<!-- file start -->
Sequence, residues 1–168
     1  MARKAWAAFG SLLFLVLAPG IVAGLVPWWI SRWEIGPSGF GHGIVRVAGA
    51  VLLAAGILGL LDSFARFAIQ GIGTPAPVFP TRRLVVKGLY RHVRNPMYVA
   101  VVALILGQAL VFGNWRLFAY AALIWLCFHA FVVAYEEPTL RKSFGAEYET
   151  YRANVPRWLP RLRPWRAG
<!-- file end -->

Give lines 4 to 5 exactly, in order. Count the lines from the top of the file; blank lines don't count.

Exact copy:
   101  VVALILGQAL VFGNWRLFAY AALIWLCFHA FVVAYEEPTL RKSFGAEYET
   151  YRANVPRWLP RLRPWRAG